And as well as the fact that this stuff is insulting to Muslims and freedom and conflates terrorism with all sorts of things terrorism isn’t and all sorts of things Muslims aren’t, do I even have to go into the whole woman question? Do I?

Apparently I do.

This last sentence to be read with a giant dose of weariness, a large pinch of for fuck’s sake and an enormous sigh.

Why is it that it is just women that this law is penalising? Why? Why are we not legislating against djellabas for example, if you want to take the ethnic clothing = terrorism trope to its extreme? Why are the men free to wear whatever they want, but it’s the women’s clothing that is dangerous, oppressive, deadly?

It’s just sexist, patriarchal shit again, and again and again.

Yes, I suspect if you really wanted to, you could hide a shit load of explosive under a burkini (as long as you didn’t swim in it, obviously because, you know, clingy issues, and why wouldn’t you swim in it, given that that is one of the things it’s designed for?) But you could equally hide it under a djellaba, or in a back pack, or a picnic ice cooler, or a fucking top hat if you wanted. You could hide it in a thousand ways that no French official is legislating against, most of which things are either male or unisex, but no, they legislate against women’s clothing, because, well?

You know, the last few terrorist attacks occurred on crowded beaches, perpetrated by women, pretending to sunbathe with their children.

Oh, that’s right. They didn’t.

I have to go now. I have things to do that don’t involve weeping, grinding my teeth and despairing at the ignorant, sexist, racist, religionist horse shit that pretends to pass for safety, common sense and protecting the future. A future I increasingly don’t really want to be a part of unless I can hold up a placard that says: ‘Not my idea. Sorry everyone.’

 

 

 

Obligatory Holiday Post

I’m not going to show you 4000 slides of what I did on my holidays, tempting though it obviously is. Instead let me give you a whistle stop tour of some of our highlights, and some of the less gripping things.

We love treasure hunting. We are forever in charity shops, flea markets, antique fairs etc, buying more junk, as my poor, beleaguered husband puts it. Our house is creaking with stuff. None of it is of any value whatsoever, frankly, which is what I think distresses Jason more than anything. If we had a house crammed full of Faberge eggs he would be more kindly disposed towards my hoarding. As it is, we mostly have four trillion dog eared books, out of date maps on the walls and shelves full of cracked and chipped pottery. Sadly for him, treasure hunting never loses its charm, and our ‘treasure’ remains stuff nobody else will touch with a ten foot pole.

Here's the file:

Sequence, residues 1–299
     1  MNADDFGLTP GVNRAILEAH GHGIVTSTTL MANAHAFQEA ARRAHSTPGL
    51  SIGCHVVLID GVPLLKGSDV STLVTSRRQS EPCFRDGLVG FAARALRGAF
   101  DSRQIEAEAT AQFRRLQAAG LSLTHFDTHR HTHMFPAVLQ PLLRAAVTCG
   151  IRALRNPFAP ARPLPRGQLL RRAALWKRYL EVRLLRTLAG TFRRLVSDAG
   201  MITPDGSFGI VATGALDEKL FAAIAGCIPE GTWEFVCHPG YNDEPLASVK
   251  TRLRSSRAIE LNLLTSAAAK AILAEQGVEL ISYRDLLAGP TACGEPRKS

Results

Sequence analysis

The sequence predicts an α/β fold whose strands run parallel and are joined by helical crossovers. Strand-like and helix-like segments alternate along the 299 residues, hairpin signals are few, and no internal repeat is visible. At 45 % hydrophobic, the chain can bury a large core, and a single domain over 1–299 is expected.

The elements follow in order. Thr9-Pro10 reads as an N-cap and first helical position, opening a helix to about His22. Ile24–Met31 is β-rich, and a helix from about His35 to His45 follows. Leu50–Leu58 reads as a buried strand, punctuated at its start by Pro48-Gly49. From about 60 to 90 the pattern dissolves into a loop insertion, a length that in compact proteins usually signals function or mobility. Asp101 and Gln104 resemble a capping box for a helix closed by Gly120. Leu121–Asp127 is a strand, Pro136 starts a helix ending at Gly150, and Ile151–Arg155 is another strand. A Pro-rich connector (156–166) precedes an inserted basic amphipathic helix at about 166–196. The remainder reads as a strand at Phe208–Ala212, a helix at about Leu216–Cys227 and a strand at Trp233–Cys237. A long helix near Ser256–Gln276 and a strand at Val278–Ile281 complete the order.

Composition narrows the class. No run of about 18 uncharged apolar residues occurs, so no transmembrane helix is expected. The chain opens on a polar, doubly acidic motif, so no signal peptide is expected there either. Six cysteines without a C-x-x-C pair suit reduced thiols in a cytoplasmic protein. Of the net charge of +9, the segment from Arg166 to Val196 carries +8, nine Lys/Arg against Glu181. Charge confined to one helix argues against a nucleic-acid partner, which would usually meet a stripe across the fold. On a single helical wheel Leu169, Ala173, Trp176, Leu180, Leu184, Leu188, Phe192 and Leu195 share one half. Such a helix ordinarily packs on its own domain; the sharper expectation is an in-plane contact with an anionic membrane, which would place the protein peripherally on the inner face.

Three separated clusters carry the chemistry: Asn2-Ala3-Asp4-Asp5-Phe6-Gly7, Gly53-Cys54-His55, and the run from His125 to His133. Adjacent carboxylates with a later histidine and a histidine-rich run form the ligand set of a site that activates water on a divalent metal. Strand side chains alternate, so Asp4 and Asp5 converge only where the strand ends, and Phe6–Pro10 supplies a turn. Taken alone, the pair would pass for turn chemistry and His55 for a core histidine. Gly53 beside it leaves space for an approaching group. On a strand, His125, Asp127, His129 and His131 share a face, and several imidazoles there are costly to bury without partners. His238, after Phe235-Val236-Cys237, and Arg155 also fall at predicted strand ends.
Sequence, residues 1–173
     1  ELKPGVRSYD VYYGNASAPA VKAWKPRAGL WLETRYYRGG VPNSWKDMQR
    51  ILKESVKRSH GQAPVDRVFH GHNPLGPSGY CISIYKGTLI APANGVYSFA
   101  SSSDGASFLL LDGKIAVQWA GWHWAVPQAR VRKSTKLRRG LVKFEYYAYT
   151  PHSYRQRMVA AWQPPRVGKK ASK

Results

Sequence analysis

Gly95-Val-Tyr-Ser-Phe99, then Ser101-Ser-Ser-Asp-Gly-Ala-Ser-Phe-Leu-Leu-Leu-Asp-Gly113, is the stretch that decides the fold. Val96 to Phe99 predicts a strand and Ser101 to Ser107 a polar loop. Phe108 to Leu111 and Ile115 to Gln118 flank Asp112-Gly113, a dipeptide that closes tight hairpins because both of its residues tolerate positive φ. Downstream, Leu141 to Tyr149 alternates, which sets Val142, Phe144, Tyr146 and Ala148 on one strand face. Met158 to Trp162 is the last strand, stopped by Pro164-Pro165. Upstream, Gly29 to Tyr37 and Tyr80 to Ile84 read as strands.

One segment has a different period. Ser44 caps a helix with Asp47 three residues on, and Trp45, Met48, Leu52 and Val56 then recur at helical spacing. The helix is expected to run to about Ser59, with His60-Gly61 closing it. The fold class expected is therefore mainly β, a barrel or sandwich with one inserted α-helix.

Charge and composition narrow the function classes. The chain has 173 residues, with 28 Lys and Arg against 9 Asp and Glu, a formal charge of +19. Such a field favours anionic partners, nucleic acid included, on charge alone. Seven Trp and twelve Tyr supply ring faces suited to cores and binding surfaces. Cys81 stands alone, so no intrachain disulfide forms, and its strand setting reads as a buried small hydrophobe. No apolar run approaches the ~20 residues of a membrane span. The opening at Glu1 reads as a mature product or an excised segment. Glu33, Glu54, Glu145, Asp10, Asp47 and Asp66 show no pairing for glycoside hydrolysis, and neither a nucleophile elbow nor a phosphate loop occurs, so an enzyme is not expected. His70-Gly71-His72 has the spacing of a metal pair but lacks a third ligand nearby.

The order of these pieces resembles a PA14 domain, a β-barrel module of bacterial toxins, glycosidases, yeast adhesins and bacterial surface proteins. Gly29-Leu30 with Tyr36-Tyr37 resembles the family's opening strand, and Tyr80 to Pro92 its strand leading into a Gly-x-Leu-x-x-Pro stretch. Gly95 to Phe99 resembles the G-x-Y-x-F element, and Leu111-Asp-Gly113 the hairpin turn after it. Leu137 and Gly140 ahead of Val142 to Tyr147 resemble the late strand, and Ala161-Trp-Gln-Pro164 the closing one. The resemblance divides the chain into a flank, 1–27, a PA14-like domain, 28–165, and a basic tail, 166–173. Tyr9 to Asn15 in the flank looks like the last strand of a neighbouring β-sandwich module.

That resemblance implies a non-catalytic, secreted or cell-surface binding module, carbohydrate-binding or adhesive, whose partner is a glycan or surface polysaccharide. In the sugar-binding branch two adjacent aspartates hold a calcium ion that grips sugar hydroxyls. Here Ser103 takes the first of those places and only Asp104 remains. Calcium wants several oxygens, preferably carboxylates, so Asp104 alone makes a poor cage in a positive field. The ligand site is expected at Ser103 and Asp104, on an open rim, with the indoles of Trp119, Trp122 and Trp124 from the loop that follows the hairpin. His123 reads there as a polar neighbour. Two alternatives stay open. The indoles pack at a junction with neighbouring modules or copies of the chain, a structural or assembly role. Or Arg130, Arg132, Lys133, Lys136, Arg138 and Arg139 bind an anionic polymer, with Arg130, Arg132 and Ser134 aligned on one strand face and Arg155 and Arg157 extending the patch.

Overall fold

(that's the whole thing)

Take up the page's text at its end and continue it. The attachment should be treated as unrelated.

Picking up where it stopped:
On our holiday we spent several very pleasing hours at the Cheddar car boot sale, which takes place every Sunday, just outside of Cheddar. It costs the princely sum of £1 per car to get in. It has a proper market, a huge car boot and an inside bit with vintage/antique stuff. We had great fun. Tilly bought a rude drawing of a lady with no clothes on. I bought a doll with no face. Tallulah bought the world’s ugliest handbag. Oscar bought comics. We were all delighted. Jason was very patient.

We also trawled charity shops all week. I can recommend most highly, Whiteladies Road and Clifton in general (Bristol) for great chazzing. Also Southville in Bristol has some excellent shops. Despite a plethora of charity shops we found nothing in Weston Super Mare (unsurprising to most people I expect). Avoid Glastonbury charity shops in the main. Overpriced and rather dull. Winscombe has a couple of good ones. Cheddar has two that showed potential. I really should do a charity shop tour of the UK.

In terms of real, touristy things to do, we loved Tyntesfield, a huge National Trust property just outside Bristol. It’s a glorious building, restored by a previous owner to Arts and Crafts glory. We are members of the National Trust so I have no idea of admission prices, but I recommend membership if you can stretch to it. It’s great value, and they do amazing things with your money if you’re into history, conservation and ecology. The tea rooms are good, the flap jack is palatable and the house is great. There are 540 acres of grounds to explore and depending on when you go, all kinds of events. When we were there, some ladies were restoring the curtains and explained how painstaking it all is, without ever being boring about it. It was actually fascinating. There was an exhibition of some of the books from the library, including one of only two copies of Morte D’Arthur with illustrations by Aubrey Beardsley, and a fantastic story telling company in the grounds outside, showing people what living through WWI as a soldier would have been like.